the making of the ecopreneur t Promote green brainstorming to reduce costs t Encourage green networking in the community to generate free publicity t Use social ecopreneurship as an extraordinary motivator
Create your own world of value by setting limits Entrepreneurs are often motivated to set up their own businesses so that they have more control over their own lives and can create a small world of their own: by doing this on a green platform, they build the future interests of their children and grandchildren into the initial design and are involved day and night in bringing into being a small world within a world of which they can be proud. As ecopreneur Paul Hawken puts it, businesses are like cults that create their own values: ‘Great value-added propositions in this world start not from liberty and license but from need and want and hunger. Breakthroughs come from limits.’ Hawken believes that the post-boom era is an ideal time to found a small, green business since ‘nothing kills a good idea faster than money’ (quoted in Whitford 2002: 43). Indeed, the time may be ripe for what Jed Emerson (2000) has called ‘blended value’ investing which looks beyond the financial to the social and environmental values of all investments to have them symbolise the personal values of the investor.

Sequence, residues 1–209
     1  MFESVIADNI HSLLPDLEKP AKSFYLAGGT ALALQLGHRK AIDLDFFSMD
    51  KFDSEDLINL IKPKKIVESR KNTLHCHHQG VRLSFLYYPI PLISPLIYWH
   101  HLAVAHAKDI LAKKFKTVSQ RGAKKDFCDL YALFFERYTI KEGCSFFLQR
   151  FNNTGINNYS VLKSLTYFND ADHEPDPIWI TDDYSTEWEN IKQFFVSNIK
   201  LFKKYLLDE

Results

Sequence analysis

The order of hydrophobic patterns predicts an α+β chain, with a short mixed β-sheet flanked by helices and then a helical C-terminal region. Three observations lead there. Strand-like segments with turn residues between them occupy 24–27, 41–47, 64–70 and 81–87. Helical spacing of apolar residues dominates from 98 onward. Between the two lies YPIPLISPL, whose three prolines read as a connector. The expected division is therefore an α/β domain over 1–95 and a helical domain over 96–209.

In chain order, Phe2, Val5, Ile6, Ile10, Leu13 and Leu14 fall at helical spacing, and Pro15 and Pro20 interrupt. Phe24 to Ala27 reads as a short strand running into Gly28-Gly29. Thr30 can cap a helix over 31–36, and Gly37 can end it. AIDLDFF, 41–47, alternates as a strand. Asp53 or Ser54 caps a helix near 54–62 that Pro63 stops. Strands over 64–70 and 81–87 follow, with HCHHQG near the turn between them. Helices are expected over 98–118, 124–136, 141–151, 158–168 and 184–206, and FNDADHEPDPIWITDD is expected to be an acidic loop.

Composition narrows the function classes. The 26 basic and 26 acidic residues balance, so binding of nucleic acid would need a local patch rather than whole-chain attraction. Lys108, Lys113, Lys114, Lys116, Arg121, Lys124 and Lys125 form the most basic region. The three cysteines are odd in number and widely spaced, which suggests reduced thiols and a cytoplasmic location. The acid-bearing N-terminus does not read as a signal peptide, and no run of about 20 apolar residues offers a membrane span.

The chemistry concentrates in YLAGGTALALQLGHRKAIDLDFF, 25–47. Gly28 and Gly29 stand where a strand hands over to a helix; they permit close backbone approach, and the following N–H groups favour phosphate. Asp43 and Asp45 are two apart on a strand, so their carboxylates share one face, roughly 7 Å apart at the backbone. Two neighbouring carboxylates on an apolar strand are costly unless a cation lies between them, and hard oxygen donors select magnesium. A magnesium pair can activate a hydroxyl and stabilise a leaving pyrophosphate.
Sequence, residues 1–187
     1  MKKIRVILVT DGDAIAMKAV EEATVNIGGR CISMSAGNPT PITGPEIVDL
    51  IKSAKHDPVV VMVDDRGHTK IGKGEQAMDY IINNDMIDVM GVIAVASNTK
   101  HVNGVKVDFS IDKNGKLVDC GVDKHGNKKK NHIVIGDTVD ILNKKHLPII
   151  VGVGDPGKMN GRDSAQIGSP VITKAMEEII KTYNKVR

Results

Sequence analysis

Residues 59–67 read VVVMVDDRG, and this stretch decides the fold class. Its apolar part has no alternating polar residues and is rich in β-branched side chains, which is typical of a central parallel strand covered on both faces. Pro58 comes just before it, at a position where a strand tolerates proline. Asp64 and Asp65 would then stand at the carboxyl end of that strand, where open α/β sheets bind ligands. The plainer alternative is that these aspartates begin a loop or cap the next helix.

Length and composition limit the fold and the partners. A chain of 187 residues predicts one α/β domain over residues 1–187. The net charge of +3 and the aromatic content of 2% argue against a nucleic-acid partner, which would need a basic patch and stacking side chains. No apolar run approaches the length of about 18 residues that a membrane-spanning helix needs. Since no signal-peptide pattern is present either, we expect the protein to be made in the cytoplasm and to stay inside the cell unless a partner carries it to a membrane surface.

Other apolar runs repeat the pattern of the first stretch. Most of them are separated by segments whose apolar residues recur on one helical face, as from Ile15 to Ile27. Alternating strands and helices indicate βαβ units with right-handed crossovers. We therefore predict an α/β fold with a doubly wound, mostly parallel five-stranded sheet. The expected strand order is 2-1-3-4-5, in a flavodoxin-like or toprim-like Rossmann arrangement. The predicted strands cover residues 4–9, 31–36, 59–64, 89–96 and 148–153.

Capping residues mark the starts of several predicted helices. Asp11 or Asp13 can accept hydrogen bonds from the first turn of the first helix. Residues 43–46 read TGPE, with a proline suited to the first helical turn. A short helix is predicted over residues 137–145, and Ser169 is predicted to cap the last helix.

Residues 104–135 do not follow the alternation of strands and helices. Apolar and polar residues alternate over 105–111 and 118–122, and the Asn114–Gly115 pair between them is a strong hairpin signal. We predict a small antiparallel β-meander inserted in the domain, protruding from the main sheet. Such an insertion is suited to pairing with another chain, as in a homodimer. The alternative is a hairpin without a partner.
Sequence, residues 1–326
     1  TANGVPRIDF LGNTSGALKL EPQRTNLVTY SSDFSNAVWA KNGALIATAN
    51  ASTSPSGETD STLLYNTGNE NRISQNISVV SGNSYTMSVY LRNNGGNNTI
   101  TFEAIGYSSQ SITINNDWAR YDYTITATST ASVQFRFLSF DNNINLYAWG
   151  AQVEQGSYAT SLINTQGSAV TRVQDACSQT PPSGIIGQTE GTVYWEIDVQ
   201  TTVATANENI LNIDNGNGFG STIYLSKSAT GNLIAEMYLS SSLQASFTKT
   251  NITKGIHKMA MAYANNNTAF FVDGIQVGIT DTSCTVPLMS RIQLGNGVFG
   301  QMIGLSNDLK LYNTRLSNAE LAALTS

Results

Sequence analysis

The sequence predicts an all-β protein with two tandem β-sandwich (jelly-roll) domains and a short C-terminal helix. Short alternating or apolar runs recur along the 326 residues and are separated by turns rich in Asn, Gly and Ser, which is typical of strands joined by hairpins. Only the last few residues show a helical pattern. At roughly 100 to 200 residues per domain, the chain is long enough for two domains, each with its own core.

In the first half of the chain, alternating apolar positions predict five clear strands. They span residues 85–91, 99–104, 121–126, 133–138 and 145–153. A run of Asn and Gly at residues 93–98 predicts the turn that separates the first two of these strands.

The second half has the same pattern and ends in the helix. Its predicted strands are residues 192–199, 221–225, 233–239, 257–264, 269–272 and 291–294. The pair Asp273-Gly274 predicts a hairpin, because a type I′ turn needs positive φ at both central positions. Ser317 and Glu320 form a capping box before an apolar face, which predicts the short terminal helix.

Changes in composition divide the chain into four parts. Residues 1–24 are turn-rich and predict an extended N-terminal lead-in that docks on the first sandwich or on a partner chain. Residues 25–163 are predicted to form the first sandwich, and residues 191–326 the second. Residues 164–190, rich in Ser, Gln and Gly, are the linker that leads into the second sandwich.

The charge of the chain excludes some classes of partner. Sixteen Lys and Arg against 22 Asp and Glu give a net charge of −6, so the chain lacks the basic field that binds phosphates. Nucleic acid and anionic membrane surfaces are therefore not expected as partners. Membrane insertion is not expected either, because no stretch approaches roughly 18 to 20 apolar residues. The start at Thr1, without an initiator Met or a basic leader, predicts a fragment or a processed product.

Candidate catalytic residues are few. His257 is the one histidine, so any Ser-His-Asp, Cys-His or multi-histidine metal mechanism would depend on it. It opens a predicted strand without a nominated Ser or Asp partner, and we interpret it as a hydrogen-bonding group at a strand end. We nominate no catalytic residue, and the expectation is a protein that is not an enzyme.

Search for green strategic innovation Innovation can be made more fruitful with limits, just as tennis is more satisfying with a net. In an ambiguous world economy, one needs a limit, a focus: the sustainability criterion limits the parameters and makes business strategy more focused. Knowledge about existing environmental laws among small firms, for example, is generally limited and needs to be made more transparent (Schaper 2002: 527).
Use green marketing to add distinction by understatement A company becomes competitive by offering the best product, process or service at the lowest viable price. However, ‘environmental’ aspects can be seen as ‘value added’— subtly drawing the consumer in with a green design or context. The company philosophy should be one of taken-for-granted sustainability, as if everyone in the world naturally did the right ‘green’ thing. This makes for an atmosphere of civilised grace that will shine through implicitly in everything the firm undertakes. The green theme should be revealed in advertising, but in the background, like the under-painting on a canvas. This subtle marketing applies to existing big companies that decide to ‘green’ themselves as well as to small start-ups. Green marketing should be holistic, expanding on the basic transaction concept by minimising a transaction’s negative impact on the natural environment.
Reduce costs by promoting green brainstorming Once a week the company could sponsor a ‘green brainstorming’ session over a meal provided by the company aimed at finding new, innovative ways to reduce costs. Modelled somewhat after the Japanese quality control circles, these events should be social events in which the working staff have the floor and the managers are quiet or even not present in order to inspire free-flowing exchanges without restraint in which the most ridiculous ideas are given their chance. GMI 38 Summer 2002
© 2002 Greenleaf Publishing
Published on Aug 23, 2013